Some records remain without a line, but are noted in the left margin as "N.O.B." (Not On Board), "did not sail," or, like the stamp above, "Not Shipped." It was important for the steamship company to make clear who was and was not on board the ship when it arrived in the United States. The company was responsible for paying the Head Tax on each immigrant landed, and government officials calculated the company's monthly bill using the manifest lists. The passenger booked below "cancelled."

Note well that some of those names "lined out" were on board, but are officially recorded on another page of the passenger list. The example below includes two crossed-off names because they were "Not on Board," but one name is lined-out (line 21) because he/she is a "2nd class passenger." The official record of that person is, then, on the list of second class passengers.

Letters (including "X," "D," "S.I.," "B.S.I.,") or the word "Held"
Extremely common are letters and stamps in the left margin relating to an immigrant's detention or their being held for a Board of Special Inquiry hearing. The general rule is that some notation was made at left to indicate the immigrant was held for some reason. One cannot determine the reason by looking at the annotation, and unless it was subsequently stamped "Admitted" or "Deported," one cannot determine the outcome.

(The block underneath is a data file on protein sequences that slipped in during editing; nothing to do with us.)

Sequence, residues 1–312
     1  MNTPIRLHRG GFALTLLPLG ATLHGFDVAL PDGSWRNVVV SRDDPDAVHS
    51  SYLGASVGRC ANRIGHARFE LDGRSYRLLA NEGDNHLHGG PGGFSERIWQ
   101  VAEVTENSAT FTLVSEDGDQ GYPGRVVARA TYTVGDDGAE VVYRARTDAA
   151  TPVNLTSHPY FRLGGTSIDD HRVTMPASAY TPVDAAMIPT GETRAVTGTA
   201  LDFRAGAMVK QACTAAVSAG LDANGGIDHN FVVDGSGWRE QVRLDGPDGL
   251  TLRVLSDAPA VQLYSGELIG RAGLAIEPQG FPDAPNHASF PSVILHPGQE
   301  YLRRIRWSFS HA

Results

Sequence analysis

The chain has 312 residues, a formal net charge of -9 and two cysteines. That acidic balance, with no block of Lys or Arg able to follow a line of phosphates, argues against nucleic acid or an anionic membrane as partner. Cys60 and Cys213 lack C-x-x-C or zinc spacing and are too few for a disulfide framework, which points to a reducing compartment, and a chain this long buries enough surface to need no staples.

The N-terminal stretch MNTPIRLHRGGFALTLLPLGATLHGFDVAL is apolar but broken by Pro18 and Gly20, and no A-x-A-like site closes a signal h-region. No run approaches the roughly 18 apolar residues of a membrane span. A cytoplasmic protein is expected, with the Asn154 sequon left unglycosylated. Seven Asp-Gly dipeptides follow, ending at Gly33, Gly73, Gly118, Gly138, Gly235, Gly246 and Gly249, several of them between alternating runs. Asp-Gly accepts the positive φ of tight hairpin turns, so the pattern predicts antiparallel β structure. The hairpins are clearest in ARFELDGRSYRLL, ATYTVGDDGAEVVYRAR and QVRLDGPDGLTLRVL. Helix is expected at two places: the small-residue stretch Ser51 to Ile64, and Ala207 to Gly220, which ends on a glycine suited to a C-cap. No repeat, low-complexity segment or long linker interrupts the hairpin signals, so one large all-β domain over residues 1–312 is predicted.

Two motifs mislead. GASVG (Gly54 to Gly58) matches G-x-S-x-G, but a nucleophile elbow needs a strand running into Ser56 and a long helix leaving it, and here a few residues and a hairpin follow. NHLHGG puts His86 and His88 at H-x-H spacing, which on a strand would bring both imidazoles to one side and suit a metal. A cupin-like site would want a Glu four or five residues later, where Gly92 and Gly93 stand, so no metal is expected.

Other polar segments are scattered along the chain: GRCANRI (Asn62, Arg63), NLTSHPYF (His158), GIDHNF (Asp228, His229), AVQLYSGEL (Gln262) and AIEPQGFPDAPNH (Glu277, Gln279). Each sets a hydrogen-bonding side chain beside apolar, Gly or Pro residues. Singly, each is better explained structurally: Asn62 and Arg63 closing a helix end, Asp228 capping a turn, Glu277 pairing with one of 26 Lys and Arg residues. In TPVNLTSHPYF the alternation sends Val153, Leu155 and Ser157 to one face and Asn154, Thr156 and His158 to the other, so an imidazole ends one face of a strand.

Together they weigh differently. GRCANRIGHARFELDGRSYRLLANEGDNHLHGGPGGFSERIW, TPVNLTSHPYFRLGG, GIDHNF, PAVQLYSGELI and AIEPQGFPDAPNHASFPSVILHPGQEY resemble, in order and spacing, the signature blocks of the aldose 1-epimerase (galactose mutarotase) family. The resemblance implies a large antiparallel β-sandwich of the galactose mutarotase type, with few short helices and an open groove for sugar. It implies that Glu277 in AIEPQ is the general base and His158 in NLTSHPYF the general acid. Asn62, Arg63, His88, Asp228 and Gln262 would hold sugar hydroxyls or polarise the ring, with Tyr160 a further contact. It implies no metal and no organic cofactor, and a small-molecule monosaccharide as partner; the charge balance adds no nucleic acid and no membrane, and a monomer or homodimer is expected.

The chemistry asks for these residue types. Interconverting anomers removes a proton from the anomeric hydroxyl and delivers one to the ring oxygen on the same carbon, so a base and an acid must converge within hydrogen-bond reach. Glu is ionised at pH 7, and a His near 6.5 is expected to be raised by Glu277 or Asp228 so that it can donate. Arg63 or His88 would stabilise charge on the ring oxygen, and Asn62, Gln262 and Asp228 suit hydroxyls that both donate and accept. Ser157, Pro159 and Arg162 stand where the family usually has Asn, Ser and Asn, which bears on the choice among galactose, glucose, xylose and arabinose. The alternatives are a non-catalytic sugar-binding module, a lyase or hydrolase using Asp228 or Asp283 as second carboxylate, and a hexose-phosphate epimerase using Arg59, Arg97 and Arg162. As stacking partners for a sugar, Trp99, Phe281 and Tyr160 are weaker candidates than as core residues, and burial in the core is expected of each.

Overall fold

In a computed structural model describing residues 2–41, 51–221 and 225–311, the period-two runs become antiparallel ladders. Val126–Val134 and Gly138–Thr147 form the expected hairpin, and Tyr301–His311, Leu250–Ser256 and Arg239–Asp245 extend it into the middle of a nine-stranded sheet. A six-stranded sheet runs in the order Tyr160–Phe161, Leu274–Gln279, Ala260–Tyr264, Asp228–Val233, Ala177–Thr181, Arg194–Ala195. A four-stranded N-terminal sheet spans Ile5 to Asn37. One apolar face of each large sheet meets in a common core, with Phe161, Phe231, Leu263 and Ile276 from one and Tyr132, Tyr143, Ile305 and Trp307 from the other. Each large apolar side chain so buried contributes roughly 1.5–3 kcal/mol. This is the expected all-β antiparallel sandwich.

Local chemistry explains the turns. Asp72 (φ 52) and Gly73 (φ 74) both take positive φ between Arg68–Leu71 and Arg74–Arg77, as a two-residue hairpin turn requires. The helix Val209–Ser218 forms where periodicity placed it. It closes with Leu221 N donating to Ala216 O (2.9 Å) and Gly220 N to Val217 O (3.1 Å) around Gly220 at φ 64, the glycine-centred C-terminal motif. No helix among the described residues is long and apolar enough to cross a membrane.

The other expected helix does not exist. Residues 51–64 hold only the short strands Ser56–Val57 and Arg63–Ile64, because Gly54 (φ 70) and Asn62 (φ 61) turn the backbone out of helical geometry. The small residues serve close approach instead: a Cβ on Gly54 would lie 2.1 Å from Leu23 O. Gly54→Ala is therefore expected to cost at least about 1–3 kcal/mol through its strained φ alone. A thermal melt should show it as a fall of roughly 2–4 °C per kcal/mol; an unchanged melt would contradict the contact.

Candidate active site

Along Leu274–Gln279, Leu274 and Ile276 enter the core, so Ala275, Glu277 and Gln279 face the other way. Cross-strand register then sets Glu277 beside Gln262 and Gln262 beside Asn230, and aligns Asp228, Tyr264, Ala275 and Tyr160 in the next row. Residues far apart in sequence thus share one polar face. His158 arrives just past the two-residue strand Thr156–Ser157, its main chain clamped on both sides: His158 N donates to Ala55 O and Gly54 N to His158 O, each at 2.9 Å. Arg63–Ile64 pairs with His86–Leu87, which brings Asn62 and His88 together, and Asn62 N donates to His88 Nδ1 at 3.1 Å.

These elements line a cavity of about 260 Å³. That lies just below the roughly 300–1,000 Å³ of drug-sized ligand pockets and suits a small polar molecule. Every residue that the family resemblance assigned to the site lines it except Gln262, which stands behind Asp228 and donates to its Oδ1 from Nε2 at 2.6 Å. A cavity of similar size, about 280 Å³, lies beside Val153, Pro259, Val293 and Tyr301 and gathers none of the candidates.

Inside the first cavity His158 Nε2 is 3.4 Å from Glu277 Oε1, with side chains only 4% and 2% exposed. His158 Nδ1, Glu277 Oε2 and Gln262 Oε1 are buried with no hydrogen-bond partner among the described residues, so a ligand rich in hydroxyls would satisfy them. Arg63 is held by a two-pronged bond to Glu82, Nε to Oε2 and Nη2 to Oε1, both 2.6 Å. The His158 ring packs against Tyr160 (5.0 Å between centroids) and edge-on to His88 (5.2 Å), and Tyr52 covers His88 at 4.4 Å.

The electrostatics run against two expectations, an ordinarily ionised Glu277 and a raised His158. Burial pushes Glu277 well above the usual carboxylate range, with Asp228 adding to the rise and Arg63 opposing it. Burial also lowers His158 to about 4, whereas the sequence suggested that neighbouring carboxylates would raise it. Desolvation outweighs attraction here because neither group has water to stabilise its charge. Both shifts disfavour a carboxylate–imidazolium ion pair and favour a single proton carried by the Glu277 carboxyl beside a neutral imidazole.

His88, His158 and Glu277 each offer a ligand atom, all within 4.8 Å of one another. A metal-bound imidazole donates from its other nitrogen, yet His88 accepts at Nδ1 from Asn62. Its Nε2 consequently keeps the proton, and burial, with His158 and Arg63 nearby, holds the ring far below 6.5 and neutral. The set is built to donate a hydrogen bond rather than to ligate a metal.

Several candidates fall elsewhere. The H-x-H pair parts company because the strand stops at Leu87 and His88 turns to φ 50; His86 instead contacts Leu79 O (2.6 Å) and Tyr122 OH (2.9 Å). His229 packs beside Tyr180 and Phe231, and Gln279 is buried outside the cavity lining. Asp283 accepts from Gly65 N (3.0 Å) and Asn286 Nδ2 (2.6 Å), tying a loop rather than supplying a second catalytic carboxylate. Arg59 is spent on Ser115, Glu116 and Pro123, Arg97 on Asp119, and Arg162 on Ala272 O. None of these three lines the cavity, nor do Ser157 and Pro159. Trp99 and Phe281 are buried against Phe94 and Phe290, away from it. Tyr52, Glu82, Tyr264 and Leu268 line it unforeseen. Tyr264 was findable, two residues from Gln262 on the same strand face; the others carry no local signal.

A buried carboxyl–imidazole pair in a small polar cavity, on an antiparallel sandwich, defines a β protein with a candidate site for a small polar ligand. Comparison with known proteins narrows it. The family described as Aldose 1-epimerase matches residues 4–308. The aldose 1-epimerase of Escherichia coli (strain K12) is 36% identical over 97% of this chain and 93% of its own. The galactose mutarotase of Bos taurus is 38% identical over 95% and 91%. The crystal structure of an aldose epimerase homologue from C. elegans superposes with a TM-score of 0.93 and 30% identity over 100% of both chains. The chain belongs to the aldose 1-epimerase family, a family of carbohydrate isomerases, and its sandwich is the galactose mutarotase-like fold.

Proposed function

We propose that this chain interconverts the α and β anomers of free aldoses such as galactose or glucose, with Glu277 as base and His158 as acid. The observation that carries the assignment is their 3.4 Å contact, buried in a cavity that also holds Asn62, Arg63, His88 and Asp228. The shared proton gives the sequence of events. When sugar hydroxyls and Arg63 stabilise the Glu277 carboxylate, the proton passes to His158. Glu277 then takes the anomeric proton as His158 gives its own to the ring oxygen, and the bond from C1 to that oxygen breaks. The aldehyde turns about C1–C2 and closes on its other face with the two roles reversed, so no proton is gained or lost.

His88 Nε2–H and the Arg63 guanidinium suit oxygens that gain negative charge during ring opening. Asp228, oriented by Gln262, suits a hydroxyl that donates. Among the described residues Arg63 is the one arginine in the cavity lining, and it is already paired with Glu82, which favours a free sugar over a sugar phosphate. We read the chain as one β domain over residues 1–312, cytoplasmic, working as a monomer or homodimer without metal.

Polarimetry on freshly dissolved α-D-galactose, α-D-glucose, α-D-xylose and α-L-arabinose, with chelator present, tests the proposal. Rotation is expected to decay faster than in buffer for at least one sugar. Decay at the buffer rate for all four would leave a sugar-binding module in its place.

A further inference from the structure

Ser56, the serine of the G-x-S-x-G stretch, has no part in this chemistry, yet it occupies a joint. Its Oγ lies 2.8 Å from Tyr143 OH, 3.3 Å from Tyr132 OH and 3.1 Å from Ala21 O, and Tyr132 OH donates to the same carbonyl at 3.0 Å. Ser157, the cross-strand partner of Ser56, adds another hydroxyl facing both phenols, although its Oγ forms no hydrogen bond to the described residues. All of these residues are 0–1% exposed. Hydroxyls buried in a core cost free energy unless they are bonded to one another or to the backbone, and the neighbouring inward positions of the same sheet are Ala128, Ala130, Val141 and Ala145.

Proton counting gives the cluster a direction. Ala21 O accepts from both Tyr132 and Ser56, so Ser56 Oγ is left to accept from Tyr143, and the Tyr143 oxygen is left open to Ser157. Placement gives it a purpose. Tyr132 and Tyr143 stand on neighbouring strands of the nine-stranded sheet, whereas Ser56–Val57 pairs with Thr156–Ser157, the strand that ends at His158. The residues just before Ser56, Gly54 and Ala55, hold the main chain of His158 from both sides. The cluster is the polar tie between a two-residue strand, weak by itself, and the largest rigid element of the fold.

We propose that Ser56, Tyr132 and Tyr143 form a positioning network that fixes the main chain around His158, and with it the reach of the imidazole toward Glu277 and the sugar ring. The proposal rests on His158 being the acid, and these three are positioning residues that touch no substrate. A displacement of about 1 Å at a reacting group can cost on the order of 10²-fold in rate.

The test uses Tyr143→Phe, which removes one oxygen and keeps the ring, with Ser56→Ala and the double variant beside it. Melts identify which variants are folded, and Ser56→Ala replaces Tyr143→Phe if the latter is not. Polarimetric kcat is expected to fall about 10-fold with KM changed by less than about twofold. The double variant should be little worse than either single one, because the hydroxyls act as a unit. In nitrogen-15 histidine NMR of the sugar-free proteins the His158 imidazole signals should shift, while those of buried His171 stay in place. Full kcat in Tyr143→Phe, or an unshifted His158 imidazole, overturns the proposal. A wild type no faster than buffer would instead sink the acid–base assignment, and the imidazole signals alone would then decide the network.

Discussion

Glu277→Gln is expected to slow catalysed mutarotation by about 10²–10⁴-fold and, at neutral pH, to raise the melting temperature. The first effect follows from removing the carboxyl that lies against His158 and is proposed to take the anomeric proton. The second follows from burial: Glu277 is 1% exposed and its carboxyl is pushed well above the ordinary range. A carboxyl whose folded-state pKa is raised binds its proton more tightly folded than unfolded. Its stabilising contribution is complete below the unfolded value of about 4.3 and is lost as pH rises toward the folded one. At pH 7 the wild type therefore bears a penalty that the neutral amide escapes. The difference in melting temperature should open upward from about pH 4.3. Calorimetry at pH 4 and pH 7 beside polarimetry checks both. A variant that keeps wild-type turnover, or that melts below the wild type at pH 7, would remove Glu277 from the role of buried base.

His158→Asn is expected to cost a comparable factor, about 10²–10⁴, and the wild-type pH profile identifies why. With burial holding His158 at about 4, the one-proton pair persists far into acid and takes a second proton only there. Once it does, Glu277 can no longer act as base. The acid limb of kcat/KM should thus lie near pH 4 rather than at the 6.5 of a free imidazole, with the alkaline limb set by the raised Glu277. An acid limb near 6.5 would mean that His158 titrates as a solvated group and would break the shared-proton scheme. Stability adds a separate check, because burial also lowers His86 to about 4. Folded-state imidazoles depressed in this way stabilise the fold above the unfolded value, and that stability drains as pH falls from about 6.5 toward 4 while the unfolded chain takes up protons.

In practice, variation can be found between the records of different ports. For example, the annotation "D" on a New York list means the immigrant was temporarily detained. But on a Philadelphia list, "D" can indicate either that the immigrant was temporarily detained or that he/she was held for a Board of Special Inquiry. The letters "X," "D," and the word "Held" can mean either that the immigrant went to temporary detention or had a Special Inquiry hearing. The more specific "S.I." and "B.S.I." indicate the immigrant was held for a hearing.
Unfortunately, for many passenger lists there is no additional information on the immigrant's fate. To date, additional records are known to survive for only two ports, and only for certain years. These ports are New York and Philadelphia.

Beginning in 1903, the Immigration Service at New York began filing Records of Detained Aliens and Records of Aliens Held for Special Inquiry at the end of each passenger list. Whenever a researcher finds an annotation in the left margin suggesting the immigrant was detained or held for a hearing, he or she should turn to the end of the passenger list and check these appended records to see if they contain further information.

Philadelphia records of detained immigrants (including those held for hearings) are extensive. They date from 1882 but only extend to ca. 1909. Some, dating from 1893 to 1909, are on microfilm as National Archives publication M1500. The majority remain in hard copy at the Regional Archives in Philadelphia. Anyone finding a detention annotation on a Philadelphia passenger list from this era should seriously consider investigating the Philadelphia detention records. And for Jewish immigrants, they might also consider the HIAS records in the Jewish Archives at Philadelphia's Balch Institute for Ethnic Studies.